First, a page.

We briefly mentioned yesterday in our review of the Elite Player Backpack that we received some Zelda Chat Earbuds in the mail as well from PDP. Simply put, when you’re taking the Switch out and about, not everyone wants to listen to you play games. So like every portable system Nintendo made before it, you got a headphone jack. And like almost every system before it, no earbuds came with it. So you can either use what you got or go for something with Nintendo’s branding on it. We got a set of these earbuds for review, so let’s look them over and test them out.
First off you got the case. a lovely Breath Of The Wild symbol with the “Z” and the Master Sword as your primary logo on everything. Black on gold was definitely the way to go for this particular set, making everything look all flashy. When you open it up, the earbuds are wrapped around a piece of silicone that you can remove from the bottom half while the top half has another logo and a small net pocket. To be clear, this is everything the case has to offer, so unless they intended this to be a small pouch for money or a cleaning cloth, it just kinda sits there. Nice to have, but somewhat useless.
The earbuds themselves are quite nice—they have the L and R letters and bend inward toward the ear canal so they can fit in nice and snug. The trouble with them is that there are no additional foam tips of different sizes just in case your ear canal is smaller or larger. These were designed to be as middle-of-the-road as possible so that most anyone could pick them up and put them in without issues. I myself who am very picky with anything inner-ear or reference monitors got lucky in that they stayed in, but I could also tell that if I started using them during an activity like running or cycling, they might fall out.
The one area I had the biggest issue with was the microphone. These earbuds were primarily designed to work with the Nintendo Switch, however, they also work with other objects. My iPhone, for example, picks up what’s said into the microphone and responds to the button on the side. But, there’s no volume control, and that’s a key element no matter what you’re designing earbuds for these days. Even my Razer headphones that primarily sit on my desk and are used for PC and PS4 gaming come with volume control. So it’s a bit of a disappointment to know I have to use whatever volume control the device comes with to adjust it.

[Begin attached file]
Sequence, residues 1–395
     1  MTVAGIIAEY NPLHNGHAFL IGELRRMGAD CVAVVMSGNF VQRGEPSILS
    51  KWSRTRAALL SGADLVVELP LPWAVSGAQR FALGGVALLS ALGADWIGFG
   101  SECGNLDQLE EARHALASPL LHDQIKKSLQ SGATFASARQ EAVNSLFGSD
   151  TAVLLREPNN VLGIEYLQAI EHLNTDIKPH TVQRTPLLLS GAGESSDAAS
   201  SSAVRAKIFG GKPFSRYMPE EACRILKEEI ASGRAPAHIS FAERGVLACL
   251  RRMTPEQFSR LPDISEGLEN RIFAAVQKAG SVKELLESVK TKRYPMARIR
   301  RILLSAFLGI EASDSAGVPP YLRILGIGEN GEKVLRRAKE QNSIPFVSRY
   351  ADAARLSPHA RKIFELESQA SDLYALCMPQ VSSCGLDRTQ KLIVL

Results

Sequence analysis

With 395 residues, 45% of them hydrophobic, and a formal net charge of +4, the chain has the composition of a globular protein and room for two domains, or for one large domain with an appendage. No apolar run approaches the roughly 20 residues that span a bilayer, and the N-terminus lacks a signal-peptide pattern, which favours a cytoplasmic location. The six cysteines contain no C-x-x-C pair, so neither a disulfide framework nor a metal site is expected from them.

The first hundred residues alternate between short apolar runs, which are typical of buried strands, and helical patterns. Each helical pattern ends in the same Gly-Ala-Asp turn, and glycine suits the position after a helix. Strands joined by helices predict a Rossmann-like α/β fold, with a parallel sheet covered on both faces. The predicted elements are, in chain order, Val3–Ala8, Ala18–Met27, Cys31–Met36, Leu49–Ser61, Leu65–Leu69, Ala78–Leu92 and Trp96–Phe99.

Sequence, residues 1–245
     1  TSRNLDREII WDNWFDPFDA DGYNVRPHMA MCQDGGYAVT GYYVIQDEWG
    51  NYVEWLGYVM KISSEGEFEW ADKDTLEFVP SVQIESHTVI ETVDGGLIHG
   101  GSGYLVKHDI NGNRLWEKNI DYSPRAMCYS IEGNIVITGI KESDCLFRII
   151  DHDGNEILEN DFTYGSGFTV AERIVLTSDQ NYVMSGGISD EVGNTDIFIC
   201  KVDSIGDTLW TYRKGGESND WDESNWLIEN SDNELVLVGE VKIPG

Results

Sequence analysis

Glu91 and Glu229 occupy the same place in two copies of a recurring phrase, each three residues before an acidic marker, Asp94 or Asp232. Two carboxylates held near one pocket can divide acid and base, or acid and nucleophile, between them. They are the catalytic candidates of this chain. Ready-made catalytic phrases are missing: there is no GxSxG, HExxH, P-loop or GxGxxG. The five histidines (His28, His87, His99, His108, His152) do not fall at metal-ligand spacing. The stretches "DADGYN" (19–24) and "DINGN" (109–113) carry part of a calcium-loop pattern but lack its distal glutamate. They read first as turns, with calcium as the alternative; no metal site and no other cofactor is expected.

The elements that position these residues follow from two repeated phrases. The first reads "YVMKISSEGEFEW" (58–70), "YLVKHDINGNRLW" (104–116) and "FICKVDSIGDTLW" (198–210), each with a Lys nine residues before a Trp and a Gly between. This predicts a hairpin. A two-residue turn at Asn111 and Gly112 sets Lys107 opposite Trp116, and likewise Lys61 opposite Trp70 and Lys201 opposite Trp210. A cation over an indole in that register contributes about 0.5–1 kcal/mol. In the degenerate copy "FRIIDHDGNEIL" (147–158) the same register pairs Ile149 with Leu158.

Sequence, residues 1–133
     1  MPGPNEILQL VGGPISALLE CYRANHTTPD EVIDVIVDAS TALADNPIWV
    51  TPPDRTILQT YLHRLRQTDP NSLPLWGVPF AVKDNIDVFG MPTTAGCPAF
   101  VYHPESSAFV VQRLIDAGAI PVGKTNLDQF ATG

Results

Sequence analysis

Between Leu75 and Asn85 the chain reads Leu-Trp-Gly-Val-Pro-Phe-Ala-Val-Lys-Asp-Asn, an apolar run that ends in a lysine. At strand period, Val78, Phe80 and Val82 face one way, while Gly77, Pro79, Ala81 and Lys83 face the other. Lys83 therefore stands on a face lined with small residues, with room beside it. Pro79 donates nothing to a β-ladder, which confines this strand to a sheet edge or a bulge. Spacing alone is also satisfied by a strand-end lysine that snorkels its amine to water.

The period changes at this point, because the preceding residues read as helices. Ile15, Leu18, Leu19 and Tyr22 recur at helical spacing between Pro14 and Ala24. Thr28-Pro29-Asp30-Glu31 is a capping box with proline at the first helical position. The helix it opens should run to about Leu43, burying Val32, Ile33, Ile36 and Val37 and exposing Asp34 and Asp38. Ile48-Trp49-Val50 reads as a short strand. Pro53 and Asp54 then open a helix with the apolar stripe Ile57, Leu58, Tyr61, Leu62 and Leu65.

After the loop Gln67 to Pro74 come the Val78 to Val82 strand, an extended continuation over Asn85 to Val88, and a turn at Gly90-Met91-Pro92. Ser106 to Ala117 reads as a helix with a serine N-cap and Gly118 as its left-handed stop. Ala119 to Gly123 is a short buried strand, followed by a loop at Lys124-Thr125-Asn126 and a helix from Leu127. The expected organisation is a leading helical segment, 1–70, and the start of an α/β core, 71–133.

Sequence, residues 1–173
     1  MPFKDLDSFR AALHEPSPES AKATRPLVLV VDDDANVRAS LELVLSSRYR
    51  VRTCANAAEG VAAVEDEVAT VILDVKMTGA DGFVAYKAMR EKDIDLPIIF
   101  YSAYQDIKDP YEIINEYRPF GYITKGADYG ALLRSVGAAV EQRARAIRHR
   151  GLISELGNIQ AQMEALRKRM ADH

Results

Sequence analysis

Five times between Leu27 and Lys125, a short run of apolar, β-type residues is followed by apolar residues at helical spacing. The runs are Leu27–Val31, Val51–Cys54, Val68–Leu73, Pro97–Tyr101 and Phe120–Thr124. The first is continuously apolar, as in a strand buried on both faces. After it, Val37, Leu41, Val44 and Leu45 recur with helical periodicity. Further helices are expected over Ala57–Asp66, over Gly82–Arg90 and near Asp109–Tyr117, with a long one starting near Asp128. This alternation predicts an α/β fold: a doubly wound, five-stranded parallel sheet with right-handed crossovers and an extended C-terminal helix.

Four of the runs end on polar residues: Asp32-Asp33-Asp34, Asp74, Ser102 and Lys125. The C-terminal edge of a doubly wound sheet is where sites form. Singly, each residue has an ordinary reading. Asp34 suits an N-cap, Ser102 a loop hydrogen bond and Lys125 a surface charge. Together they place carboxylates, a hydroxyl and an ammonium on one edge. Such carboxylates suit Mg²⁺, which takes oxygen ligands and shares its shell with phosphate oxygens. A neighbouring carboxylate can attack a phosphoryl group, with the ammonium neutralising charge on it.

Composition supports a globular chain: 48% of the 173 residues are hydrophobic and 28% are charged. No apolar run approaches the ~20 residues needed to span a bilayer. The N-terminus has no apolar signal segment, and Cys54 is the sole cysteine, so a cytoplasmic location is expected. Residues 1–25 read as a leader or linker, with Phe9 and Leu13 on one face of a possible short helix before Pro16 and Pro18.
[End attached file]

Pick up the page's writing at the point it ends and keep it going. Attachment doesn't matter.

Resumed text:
As far as audio quality goes, there are great differences in what you get out of it. For the Switch, it’s excellent. No problems whatsoever with the in-game audio, no degradation in quality or missing elements. Plugging it into my PC and speakers, I noticed the audio got a bit hollow as if it was coming down a small echo chamber. Testing it on an iPhone and Android devices, the audio seemed to carry a little more bass than normal. If you like that kind of thing, all the more power to you, but it just isn’t for every song or game you might be playing on the device.
Overall, the Zelda Chat Earbuds are great for gaming (especially on the Switch), but they lack in a lot of other areas. I really dig the look and appearance of them, and let’s be honest, you don’t buy a pair of earbuds with the Zelda logo on the side unless your a major fan who wants to show it off. If you’re simply buying them for use with the Switch, fantastic, it will do exactly what you want it to do. But if you’re hoping for them to be multiuseful, you might want to look into another pair for everything outside of gaming.